Forum Thoughts

Forum Thoughts

(Answers to questions posed in the League of Women Voters Forum 5/23/2022)
  1. Why are you running?

I am running for County Attorney because I am called to be a prosecutor, and I want to prosecute cases in an environment focused on just outcomes, constant improvement, and mutual support.  I take satisfaction from holding defendants accountable for their choices and upholding the rights of crime victims.  I have high standards for criminal prosecution and I’d like to challenge—and be challenged by—other talented prosecutors. 

I have worked in high-speed trial environments, I have led a team of prosecutors in a remote part of Afghanistan, and I have cultivated skills that will allow me to bring the office to a new level of responsiveness and success in the administration of justice.  Dubuque is where I grew up, and I want to preserve its status as a safe and healthy place to raise a family.  The County Attorney should be focused on defending the Constitution’s guarantees of justice, tranquility, and the blessings of liberty.

I am running to replace the incumbent, who lacks courage in prosecution and avoids taking responsibility for the failures of the office.  I am running to change that, and to usher in a new era of accountability for criminal defendants led by the Dubuque County Attorney’s Office. 

  1. Why should people care about the County Attorney’s Office?

When you or a family member are the victim of a crime, it will make a big difference if the County Attorney’s Office is responsive and efficient about pursuing justice.  It is important that other County departments are getting quality, timely legal advice that promotes the efficient administration of government generally.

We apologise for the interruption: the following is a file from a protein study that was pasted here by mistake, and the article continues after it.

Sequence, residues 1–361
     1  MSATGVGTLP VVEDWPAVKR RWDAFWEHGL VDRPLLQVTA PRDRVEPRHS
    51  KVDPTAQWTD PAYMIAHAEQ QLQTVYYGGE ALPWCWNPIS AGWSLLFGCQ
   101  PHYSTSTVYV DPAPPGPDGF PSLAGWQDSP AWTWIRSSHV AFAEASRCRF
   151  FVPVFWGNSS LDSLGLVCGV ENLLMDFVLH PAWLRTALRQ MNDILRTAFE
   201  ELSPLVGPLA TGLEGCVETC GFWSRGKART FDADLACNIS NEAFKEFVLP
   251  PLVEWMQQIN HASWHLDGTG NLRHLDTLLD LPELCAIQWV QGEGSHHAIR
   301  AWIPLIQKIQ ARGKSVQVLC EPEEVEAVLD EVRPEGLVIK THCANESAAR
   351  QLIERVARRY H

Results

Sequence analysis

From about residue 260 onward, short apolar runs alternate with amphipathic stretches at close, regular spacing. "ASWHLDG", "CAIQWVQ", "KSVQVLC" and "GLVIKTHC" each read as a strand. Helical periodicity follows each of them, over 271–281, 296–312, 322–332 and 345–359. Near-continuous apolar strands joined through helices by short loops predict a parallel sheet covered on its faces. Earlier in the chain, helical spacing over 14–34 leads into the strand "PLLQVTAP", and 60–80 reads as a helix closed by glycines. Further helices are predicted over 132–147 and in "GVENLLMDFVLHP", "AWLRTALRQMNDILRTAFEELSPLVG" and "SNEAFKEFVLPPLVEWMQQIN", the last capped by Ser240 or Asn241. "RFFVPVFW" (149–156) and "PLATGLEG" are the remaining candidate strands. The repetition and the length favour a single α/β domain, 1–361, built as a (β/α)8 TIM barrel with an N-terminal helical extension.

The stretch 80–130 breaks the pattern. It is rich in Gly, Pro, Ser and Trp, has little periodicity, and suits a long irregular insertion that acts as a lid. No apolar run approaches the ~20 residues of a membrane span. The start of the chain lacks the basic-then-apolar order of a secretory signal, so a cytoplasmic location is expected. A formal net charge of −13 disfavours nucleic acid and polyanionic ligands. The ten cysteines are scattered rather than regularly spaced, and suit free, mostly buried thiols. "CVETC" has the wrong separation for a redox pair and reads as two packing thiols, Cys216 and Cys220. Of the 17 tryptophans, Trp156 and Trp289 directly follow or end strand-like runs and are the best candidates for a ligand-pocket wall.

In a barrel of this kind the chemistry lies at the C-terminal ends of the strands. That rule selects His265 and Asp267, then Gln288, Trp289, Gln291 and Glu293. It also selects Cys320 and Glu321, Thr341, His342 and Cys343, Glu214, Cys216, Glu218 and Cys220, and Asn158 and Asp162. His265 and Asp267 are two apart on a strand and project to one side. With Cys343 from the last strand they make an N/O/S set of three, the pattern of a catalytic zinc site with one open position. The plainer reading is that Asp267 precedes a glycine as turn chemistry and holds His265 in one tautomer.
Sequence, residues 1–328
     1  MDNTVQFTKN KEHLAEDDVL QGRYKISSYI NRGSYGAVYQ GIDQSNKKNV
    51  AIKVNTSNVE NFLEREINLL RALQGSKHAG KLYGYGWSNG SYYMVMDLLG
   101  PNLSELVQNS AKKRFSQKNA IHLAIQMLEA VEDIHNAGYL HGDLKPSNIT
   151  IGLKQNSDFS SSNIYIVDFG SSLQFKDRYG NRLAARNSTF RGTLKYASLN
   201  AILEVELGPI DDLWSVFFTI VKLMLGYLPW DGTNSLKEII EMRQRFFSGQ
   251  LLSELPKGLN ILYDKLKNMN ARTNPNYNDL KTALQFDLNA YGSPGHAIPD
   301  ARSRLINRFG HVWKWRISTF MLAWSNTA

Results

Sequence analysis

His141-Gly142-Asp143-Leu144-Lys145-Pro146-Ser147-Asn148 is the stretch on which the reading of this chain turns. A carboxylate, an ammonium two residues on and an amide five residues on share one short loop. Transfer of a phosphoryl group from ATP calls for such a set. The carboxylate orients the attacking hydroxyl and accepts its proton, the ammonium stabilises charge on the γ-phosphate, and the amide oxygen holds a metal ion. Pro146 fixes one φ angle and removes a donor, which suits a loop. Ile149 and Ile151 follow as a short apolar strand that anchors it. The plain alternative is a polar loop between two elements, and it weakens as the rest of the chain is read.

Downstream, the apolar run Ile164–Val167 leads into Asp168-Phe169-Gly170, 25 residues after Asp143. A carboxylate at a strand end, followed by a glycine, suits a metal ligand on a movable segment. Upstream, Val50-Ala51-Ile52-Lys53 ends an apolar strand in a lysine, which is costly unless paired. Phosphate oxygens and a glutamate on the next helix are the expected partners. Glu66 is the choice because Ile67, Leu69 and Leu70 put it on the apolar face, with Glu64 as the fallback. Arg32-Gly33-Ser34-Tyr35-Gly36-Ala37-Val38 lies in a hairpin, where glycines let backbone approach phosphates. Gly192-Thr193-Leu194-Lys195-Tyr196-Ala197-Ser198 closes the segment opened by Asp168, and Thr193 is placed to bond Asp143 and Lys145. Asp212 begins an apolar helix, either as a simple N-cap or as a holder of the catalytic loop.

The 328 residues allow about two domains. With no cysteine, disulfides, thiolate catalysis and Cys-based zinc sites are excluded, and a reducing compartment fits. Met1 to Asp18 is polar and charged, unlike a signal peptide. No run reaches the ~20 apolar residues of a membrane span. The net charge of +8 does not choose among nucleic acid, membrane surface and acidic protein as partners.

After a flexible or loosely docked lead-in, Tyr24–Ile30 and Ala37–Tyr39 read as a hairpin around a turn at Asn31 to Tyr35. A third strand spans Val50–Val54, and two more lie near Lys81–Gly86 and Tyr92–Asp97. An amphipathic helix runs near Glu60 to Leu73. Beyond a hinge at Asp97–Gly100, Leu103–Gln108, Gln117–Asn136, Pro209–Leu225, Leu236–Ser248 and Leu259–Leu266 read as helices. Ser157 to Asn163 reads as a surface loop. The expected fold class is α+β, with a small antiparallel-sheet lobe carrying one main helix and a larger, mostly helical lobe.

1. How will you work together with other government offices?

The County Attorney should be a resource for other County offices when they have legal questions or otherwise need counsel.  Having a dedicated civil law attorney in the office makes sense to provide specialized expertise, consistency in advice, and avoiding situations where the chief prosecutor is trying a murder case and unavailable to answer civil questions. 

The relationship between the County Attorney’s Office and law enforcement should be a close one, and also one of mutual constructive criticism.  Maintaining good communication between prosecutors and law enforcement has always been a priority of mine personally, and when I lead the office we will have firm policies about keeping law enforcement in the loop on prosecutions. 

  1. How would you incorporate restorative justice programs?

Restorative justice means defendants taking responsibility for their actions and working to make victims whole.  The process also involves making defendants whole—removing the stigma associated with their past actions and remediating the defective judgment which led to the crime in the first place.  Restorative justice does not mean letting people off the hook if they behave for a year or two on probation.

At the root of holding defendants accountable is the knowledge that the prosecutor is capable of obtaining convictions at criminal trials.  With competent trial practice assured, defendants have little incentive to try to play games with plea bargains and technicalities. 

Mental health courts or juvenile diversion programs are not “restorative” justice, but rather a way to avoid filling jails with defendants who might be able to correct their conduct with appropriate intervention.  Those programs are important and deserve support by the County Attorney’s Office, but the foundation for successful diversion programs is still a strong competence in proving criminal cases beyond a reasonable doubt.  Diversion programs work if the alternative is a conviction and the possibility of harsh punishment; if the alternative is dismissal or informal probation, those programs will fail. 

  1. Should candidates for County Attorney have a party affiliation?

No.  Keeping county offices partisan benefits political parties to the detriment of citizens.  Democracy would be better served by voters educating themselves on the qualifications of each candidate rather than mood-affiliating with a team.  The “Vote Blue no matter who” attitude is a recipe for electing party hacks, not for good governance.

Some candidates lament that the offices should be non-partisan, but what can we do?  As a first step, we can show some courage and run without party affiliation! 

  1. How would you attract and retain talent in the office?